Marriage

Yesterday I got in touch with a friend who has been MIA lately. I haven’tseenher since January of this year when her and her husband came to our house for dinner. This dinner was especially important to me since my life was so chaotic at the time with the girls never sleeping. I wanted to feel normal again- like an adult, so I invited them over to a large dinner.

This couple was just so adorable. I have only known them for 2.5 years, but it’s not everyday that you meet a couple that you and your significant other are compatible with.

They were from two different worlds. She was born and raised in France, but her family is from Morocco. She is Muslim, so she multi-cultural. She met her husband in Ibiza. He was from New York and comes from an Italian-American family. They were so different, yet made so much sense together. It seemed like their differences just added to their compatibility. Her husband even agreed to marry her in Morocco at a Moroccan themed wedding- which if you don’t know- is VERY elaborate. He came into the ceremony galloping on a horse. There are many costume changes. His family and friends all flew out there for the festivities.

 

A Typical Moroccan Wedding

A Typical Moroccan Wedding

 

(Not them pictured above)

And then yesterday she told me that they are divorcing.

I was in shock.

She says that after 7 years together, they just didn’t “Love each other anymore”… Those words bothered me. I mean, to just throw away a marriage because you fell out of love? I believe that everyone eventually falls out of love. Being “in love” doesn’t last. Love does. Respect does.

What makes us different than them, you know?

Am I  “in love” with my husband?

No- but I love him.

I support him.

I respect him.

I think he is a wonderful father.

But do I get butterflies in my stomach when I see him (Like i used to)?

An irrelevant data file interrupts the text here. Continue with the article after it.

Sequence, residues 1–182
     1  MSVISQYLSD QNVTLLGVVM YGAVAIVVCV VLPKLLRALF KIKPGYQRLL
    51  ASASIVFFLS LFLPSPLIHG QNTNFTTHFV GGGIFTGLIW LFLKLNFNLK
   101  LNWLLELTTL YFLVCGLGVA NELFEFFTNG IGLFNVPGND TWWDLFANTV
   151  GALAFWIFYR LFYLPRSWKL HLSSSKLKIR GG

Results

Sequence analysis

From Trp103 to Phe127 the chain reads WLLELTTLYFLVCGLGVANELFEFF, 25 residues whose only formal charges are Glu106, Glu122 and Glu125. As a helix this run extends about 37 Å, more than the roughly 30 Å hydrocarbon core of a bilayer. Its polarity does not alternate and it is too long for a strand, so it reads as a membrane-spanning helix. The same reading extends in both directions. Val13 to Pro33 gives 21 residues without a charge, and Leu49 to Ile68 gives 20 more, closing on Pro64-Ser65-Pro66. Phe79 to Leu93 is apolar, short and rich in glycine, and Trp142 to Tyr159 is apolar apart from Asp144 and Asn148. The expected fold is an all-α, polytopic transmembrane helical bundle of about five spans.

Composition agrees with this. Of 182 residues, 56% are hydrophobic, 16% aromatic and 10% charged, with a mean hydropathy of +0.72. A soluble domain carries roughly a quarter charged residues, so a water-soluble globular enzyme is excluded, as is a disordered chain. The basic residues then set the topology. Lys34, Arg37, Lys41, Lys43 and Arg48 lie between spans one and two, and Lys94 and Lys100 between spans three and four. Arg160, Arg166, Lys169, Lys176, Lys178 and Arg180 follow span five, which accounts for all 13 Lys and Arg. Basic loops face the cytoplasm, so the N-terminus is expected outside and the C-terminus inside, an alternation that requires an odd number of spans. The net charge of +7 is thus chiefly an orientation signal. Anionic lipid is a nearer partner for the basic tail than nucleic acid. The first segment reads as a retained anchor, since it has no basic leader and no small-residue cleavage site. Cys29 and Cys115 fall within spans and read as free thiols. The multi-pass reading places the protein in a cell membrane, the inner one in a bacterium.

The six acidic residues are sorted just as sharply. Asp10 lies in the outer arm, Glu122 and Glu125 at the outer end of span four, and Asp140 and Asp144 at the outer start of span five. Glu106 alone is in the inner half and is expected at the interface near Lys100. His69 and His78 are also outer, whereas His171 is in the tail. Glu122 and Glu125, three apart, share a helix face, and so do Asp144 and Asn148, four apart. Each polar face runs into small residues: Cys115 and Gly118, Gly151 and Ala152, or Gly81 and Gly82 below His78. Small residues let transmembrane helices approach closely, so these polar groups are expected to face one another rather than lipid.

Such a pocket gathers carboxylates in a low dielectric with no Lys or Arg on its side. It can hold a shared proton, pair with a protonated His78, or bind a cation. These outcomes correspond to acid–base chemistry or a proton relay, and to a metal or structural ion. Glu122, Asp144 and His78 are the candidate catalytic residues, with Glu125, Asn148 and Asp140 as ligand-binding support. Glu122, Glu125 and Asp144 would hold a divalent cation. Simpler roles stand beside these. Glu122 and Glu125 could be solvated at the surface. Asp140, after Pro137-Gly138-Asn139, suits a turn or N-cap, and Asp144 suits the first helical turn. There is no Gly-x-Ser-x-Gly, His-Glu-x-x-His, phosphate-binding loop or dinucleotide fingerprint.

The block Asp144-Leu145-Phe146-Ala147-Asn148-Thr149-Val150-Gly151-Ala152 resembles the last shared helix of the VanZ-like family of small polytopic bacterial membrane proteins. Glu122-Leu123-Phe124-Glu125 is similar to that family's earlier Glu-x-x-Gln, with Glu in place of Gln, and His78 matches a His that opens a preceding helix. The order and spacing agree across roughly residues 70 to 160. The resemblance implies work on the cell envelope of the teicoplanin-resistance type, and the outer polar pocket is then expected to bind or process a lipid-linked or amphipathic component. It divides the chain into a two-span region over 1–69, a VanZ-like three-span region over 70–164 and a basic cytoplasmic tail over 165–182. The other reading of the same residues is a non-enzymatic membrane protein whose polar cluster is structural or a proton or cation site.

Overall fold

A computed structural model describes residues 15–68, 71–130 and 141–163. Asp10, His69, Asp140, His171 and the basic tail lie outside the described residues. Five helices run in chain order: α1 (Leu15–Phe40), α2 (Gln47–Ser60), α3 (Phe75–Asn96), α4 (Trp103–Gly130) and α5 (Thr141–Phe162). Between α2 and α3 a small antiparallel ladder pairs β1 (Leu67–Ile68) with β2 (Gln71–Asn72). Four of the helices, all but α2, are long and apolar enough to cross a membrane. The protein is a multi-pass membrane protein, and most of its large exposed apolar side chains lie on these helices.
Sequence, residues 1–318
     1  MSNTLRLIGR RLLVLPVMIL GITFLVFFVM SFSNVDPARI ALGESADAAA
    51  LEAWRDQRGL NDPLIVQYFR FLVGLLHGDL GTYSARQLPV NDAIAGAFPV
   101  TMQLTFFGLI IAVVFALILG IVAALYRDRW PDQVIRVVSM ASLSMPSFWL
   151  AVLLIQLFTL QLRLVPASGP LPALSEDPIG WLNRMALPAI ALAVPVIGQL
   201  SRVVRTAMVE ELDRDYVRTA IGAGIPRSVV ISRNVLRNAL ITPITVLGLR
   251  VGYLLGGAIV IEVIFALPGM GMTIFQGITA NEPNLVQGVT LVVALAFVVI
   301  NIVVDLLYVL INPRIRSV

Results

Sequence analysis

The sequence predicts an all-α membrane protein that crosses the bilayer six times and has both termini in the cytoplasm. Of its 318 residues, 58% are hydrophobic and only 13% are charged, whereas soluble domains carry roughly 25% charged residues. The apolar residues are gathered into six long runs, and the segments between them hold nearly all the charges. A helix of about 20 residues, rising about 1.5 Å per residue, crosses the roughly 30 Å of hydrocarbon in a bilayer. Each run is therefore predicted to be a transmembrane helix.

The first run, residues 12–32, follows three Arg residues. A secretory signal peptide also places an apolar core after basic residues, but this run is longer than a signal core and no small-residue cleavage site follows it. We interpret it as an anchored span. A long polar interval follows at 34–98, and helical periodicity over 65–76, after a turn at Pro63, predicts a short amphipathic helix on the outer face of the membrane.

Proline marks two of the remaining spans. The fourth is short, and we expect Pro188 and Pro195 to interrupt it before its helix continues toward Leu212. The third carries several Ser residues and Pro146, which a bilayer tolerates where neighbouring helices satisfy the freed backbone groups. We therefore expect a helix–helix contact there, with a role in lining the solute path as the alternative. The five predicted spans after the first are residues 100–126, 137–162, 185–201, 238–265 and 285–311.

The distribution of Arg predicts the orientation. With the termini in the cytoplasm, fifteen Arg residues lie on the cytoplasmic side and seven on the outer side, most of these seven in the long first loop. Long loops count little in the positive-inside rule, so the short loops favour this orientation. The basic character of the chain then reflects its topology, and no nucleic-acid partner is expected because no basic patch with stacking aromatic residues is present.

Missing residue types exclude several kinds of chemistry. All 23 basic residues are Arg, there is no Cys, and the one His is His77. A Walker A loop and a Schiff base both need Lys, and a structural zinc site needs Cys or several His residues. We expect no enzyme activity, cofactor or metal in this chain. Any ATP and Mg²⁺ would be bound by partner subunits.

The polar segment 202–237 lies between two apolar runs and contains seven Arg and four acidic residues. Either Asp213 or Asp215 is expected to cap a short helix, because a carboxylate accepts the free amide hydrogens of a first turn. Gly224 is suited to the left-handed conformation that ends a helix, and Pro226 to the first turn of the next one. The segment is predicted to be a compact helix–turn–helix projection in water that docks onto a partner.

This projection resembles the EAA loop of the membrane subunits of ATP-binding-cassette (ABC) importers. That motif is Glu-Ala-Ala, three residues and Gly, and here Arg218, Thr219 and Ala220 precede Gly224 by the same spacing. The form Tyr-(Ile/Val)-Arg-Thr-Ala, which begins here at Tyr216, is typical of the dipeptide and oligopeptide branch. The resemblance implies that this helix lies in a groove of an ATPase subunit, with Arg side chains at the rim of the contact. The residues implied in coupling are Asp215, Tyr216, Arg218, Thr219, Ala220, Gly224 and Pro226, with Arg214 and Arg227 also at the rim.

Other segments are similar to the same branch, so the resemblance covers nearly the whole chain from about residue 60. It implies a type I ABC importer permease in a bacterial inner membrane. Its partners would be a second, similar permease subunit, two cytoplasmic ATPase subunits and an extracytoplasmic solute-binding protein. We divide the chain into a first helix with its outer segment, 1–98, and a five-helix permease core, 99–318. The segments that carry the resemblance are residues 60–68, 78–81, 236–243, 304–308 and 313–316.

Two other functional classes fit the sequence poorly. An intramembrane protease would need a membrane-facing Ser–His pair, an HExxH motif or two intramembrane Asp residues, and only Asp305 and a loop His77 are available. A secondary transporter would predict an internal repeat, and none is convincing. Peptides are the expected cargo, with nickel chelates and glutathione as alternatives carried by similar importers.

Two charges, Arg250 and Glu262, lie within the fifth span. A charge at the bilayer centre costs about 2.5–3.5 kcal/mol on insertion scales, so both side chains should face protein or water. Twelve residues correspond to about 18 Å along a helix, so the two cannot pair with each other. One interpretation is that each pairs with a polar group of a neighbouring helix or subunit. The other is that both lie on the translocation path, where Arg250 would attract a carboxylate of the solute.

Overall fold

no.

I think marriage becomes mundane. You are with the person for many years-you spend every day with them. There is no more excitement, no more je ne se qua.

Like Chr*s Rock says – if marriage is good, it’s boring

Married and Bored- Single and Lonely”

It really is those two options isn’t it?

So they are divorcing.

 A young couple: so in love.

They didn’t have children yet, so I guess that’s a good thing.

But when I hear about that- it worries me.

I mean, what differentiates those who have fallen “out of love” with those who take the step to get divorced because of it?

What do you think?

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9 thoughts on “Marriage

  1. Rachel Inbar

    I think cultural differences are a huge factor. You believe that what you’re doing is ‘the way to do it’ and so does your partner, but he’s actually doing it all wrong… and so it causes constant conflict. Many people don’t deal well with conflict, say and do things that they shouldn’t and then their partners stop respecting them. And once the respect is gone, the marriage is in serious trouble. Perhaps if both partners really want to fix things, it’s possible. If even one doesn’t, divorce is inevitable…

    My ex-husband was Algerian. The cultural differences were enormous and apparent in every aspect of our lives, and this grew significantly once we had kids. (In addition, he suffers from untreated mental illness, so that was a major no-go for me.)

    Like you said, being “in love” doesn’t always last, but hopefully you feel that magic often enough to remember it’s there.

    Divorce can be a good thing. I got my life back when I divorced my husband after 13 years. I only wish I had had the courage to do it much sooner.

    Reply
  2. KJ and the kids

    I have been struggling with this SAME EXACT THING !!
    I feel like too many people just say ah well, things aren’t the same any more. They aren’t working out for me. I’m not feeling happy and in love any more. THese are people WITH kids.
    WTHell.
    My thing is…I don’t really care how miserable you think you are, you could always be worse and instead of walking away…try working at something for once.
    I believe there are deal breakers, but not “feeling” it anymore and thinking you are miserable is not a deal breaker to me.